Keep Hiking Forward!
This winter Tyke Hike was anything but winter-like. With temperatures approaching forty degrees, there was no chance of the wintry walk as advertised in the promotional materials. Still, nearly forty hikers enjoyed a walk through the paved Homestead Hollow path at beautiful Lapham Peak State Park.
We all trekked the trail and discussed the power of glaciers, "found" the future of the forest, and searched for active animals, especially at the peaks of the pine trees. With every hike, we try to provide some off-trail exploration to get the hikers in nature, not just around it.
In our explorations, it was wonderful to see the curiosity and intrigue of the children. From finding frost-covered leaves to investigating under logs, each twist and turn along the trail offers a new learning point and a new way to fall in love with nature.
When we talked about how wood decomposes and helps turn into rich soil, a few children found some fallen, rotting limbs and offered up their karate chop services to hasten the process. When searching through the blanket of leaves, one child found a stick covered with moss and lichens. After peeling off the moss, he politely asked his mother, "Can you please hold my moss?" You knew never know what you will see or hear in the forest.
Keep Hiking Forward!
You have spent all summer and fall tooling around in your family adventure mobile. I bet you have put tons of miles on your vehicle out camping, hiking, climbing, shopping for gear and paddling. Now for most of us in the United States as we begin to transition from warm and cool temps to cold temps and slushy roads its important to take a moment to stop and ensure our adventure mobile is ready, willing and able to get us to grandmothers house this holiday season for pumpkin pie (mmm pumpkin pie!) and holiday cheer.
Typically we don' think to much in general of these things, we just grab the pack and go, right? But, now that winter is soon to be upon most of us, it is now more important then ever to make sure your vehicle is in tip top form and ready to get you to and from your destination in one piece. Because, who likes eating holiday dinner in the breakdown lane?
This past Thanksgiving we traveled to my wife's families home in the St. Louis suburbs. While only a state away some simple travel preparations are always put into place when we know we are traveling far and will be traveling home late at night. My general rule of them time of year is maintaining the proper survival gear in "George" (my jeep) - read more about George here.
While I know that we will never be far from people, help or general assistance, I don't have what you would classify as "survival" gear in the jeep, but more classified as comfort gear.
Comfort Gear Items:
Snacks and Food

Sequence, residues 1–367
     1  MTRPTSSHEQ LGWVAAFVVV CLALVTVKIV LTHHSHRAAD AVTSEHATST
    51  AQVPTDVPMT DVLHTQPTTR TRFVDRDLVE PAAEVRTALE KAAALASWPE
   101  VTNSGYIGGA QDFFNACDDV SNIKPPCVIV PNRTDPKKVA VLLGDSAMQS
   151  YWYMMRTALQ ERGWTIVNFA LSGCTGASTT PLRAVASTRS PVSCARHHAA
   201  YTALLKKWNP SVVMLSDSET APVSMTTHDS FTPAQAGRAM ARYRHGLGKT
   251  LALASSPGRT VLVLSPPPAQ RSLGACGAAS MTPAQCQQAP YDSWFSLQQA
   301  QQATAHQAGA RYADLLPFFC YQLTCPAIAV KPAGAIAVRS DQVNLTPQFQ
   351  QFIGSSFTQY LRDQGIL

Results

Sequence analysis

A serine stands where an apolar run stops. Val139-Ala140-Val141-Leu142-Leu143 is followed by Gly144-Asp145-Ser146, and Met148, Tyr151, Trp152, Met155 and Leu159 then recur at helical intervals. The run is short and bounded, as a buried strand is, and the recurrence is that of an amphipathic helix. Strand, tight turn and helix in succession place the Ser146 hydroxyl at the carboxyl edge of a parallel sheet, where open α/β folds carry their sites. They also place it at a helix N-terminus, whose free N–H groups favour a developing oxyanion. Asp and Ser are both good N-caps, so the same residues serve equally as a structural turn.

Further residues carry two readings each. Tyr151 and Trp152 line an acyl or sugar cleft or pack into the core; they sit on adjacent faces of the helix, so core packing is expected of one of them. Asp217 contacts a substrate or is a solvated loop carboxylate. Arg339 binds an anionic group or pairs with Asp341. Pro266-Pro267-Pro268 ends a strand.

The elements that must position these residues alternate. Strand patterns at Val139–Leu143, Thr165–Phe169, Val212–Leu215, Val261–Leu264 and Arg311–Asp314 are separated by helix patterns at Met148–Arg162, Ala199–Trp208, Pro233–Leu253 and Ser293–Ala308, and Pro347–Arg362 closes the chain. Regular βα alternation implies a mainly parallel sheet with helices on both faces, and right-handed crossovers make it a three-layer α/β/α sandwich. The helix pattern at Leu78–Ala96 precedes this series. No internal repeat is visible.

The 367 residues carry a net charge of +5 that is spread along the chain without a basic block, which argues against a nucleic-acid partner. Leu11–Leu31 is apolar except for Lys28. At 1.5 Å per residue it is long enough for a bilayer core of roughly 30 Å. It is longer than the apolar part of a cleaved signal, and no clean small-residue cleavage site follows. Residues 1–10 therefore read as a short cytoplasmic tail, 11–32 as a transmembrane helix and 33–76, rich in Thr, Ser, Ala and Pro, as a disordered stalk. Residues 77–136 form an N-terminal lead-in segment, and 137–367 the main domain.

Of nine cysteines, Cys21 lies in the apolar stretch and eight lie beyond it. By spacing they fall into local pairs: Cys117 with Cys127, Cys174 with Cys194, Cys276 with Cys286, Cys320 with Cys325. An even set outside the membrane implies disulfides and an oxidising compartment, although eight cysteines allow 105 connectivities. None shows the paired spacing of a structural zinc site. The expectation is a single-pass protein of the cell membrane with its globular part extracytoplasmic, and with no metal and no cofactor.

First Aid Kit
Battery Charger for Cell Phones
Cords for phones and other devices
Extra Cold weather gear
Keep Your Adventure Mobile Properly Serviced
Before a trip of any distance especially one as special as a holiday gathering it is important to have your adventure mobile either fully serviced or just have the fluids checked along with the air in your tires adjusted or corrected. Changing weather can sometimes catch us all off guard during the holiday season and not having the proper or adequate fluid levels or proper tire pressure could cause problems on the roadway. Visiting your neighborhood Jiffy Lube is great way to keep your adventure mobile in shape for the long road ahead. They are committed to helping you leave worry behind this holiday season during your travels.
With two young girls its always important to ensure they are happy on the way to the holiday event as well as on the way home. Make sure you have their favorite activities packed, charged and backup charging or plug in capabilities for the long haul. For us. knowing we would be having a late night those sleeping bags I mentioned earlier always home in handy to snuggle with along with the addition of their favorite pillow and stuffed friends. I will admit the backseat of a Jeep Wrangler Unlimited is not the most cozy or plush place to sleep or relax, so think of the kids and how your vehicle rides before getting in it for hours on end.
Keep the Snacks and Drinks Close at Hand
Another great tip is to pack a small cooler. It never fails, you get five minutes down the road and somebody is thirty or wanting a snack. Well, prepare for it and have a better ride. Plus, by having the small to moderate sized cooler will allow you to take home leftovers! You know you having be trying to figure out how to bring home one of Aunt Ruth's famous Chocolate pies. Now you have someplace to safely transport it home!
These tips are obviously not just for the trip to grandma's house this holiday season or for the trip to great uncle Carl's annual New Year's Day Celebration in Chicken Falls, Minnesota. These tips are tips we have picked up along they way during our multiple day and multi-day cross country journeys to see family and visit national parks.
Holiday Travel Tips from our friends at